In Conversation with Sanjeev Gupta – director of the award winning film Q
interviewed by Souranath Banerjee
Hello Sanjeev, welcome to Cinema Forensic.
Your debut film ‘Q’ have already taken rounds in some of the most prestigious national and international festivals, and now it’s being released on Netflix! How do you feel about it?
Ya, it feels great!
Q has been selected in many festivals around the world and the response has always been positive.
Earlier I did plan for a theatrical release for my film but while waiting for the CBFC’s response I got the opportunity to show it to Netflix. And I instantly went for it and it got selected as well. I feel so lucky that they have picked up Q. Netflix, as a platform, has a huge audience across 180 countries. That’s the best part. With a deal like this, you know your film will be internationally watched.
Congratulations on the film’s release! Now tell me something about your film Q, what is it about and how did you come up with this concept?
Q is a film about a little girl and her relations with people surrounding her, and then those who come in contact with her, and their combined destiny as the characters go through an incredible journey that comes to an unpredictable end.
Actually I keep watching many documentaries and take much interest in the news and other world affairs. So this concept of Q is inspired through many such real events that I happened to notice over the time. Though not based on one particular incident, my film is a fictional version of many such realities of life.
And since it’s a very realistic story it needed a realistic treatment as well. No background music used in the film, only Foley sounds and on location recorded natural ambience sounds. I wanted to make sure the audience feel the realism and be a part of it.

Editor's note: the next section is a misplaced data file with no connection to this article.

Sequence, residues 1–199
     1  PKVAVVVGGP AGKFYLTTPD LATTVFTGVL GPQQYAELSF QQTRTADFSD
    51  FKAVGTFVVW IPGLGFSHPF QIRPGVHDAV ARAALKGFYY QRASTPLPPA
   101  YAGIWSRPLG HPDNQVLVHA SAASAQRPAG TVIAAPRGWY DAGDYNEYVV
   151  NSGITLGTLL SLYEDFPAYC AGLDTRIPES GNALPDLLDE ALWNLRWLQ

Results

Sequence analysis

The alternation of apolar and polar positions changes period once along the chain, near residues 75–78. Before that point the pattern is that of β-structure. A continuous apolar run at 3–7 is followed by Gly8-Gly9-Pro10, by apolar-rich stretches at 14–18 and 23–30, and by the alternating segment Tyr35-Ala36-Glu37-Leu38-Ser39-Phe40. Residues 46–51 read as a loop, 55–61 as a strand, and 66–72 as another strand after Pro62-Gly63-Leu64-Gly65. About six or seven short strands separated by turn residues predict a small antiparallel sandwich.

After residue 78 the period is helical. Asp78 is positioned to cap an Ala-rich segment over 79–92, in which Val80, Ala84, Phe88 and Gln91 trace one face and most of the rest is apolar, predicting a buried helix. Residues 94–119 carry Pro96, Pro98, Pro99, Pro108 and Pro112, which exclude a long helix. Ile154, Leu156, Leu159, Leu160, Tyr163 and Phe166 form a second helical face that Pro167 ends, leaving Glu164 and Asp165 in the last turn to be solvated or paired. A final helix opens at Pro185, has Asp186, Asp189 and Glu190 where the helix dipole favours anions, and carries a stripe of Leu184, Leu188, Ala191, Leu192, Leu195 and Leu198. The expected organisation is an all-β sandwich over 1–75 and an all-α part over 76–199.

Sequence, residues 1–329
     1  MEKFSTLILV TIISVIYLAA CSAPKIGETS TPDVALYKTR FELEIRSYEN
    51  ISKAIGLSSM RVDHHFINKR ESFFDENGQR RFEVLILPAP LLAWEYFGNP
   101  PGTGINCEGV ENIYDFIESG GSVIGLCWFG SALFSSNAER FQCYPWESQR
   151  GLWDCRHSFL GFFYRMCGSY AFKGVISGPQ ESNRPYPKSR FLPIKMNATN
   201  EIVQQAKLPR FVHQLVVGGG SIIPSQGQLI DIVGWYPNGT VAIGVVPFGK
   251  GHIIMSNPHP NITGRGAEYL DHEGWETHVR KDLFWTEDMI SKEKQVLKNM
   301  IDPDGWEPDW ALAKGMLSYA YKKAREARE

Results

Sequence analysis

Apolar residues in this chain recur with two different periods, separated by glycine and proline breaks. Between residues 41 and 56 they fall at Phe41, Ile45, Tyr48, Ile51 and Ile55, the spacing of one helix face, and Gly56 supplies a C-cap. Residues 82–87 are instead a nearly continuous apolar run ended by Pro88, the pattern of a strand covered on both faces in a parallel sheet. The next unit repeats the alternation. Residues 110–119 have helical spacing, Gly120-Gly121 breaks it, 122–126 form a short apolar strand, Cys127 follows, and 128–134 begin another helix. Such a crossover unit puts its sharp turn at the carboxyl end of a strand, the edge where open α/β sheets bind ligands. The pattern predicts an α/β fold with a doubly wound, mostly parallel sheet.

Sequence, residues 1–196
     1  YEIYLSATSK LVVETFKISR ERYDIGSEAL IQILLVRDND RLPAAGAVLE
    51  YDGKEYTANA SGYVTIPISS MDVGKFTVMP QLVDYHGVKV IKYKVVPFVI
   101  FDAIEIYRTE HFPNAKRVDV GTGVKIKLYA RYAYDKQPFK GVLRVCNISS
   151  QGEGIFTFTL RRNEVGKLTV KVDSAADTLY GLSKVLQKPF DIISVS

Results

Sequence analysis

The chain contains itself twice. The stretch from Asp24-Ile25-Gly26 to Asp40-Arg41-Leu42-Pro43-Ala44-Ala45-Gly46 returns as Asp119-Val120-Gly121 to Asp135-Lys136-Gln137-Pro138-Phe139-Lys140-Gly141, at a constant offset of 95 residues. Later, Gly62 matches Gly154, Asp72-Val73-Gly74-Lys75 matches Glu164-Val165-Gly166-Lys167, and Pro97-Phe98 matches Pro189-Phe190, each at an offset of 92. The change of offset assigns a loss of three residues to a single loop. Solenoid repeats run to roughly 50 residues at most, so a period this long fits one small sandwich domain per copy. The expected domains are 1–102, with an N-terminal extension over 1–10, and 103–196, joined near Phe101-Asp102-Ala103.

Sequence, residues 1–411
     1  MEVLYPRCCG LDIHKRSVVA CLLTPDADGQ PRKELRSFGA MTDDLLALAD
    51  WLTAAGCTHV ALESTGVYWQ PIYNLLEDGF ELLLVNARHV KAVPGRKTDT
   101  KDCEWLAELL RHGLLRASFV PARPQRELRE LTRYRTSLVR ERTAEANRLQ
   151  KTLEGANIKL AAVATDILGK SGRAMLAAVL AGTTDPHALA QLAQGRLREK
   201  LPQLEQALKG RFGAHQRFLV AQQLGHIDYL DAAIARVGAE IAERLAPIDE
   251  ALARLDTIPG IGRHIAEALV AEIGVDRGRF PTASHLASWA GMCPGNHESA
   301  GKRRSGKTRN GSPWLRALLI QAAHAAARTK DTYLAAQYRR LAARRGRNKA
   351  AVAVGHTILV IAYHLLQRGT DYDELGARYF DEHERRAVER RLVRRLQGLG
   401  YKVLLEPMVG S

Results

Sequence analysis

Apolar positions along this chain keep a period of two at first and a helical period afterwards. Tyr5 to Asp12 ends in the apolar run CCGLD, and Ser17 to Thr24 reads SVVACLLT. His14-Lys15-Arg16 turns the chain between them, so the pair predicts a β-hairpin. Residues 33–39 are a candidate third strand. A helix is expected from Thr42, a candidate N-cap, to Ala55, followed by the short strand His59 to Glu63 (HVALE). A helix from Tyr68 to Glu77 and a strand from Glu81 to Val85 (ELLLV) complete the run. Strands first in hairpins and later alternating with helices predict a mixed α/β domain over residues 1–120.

That’s brilliant! Tell me something about you, how did you get inclined in making films, when did you decide to be a filmmaker?
I grew up in Agra and was always into films but never thought it will be my profession of course (smiles).
But then I watched one particular film Shatranj Ke Khilari by none other than Satyajit Ray and it did change something in me. I started looking at films in a different way! Then, after my degree in Media Studies from Pune, I came to Mumbai and tried to assist people to learn the craft of making movies. But since I had no connection in the film industry I didn’t get any exposure. I did various odd jobs and side by side went on exploring filmmaking.
Finally I wrote my own script and started to narrate it to individual producers and production houses. Then after facing numerous rejections I finally met my producer who believed in me.
And that is how my first film ‘Q’ got made (smile).
Don’t you think that with films like Q you Independent filmmakers are the reason why the indie-film scenario is improving in India?
Yes may be it does. But honestly I have a problem when some filmmakers are called independent filmmakers and some not.
Today I choose to make “Q” and tomorrow I may choose to direct a fantasy film or a VFX film, may be even supported by some production house. But ultimately it’s my films, my story and my way of telling them. I even don’t like such categories like, festival film, theatrical film or an online film – films are films, stories are stories and filmmakers are filmmakers!
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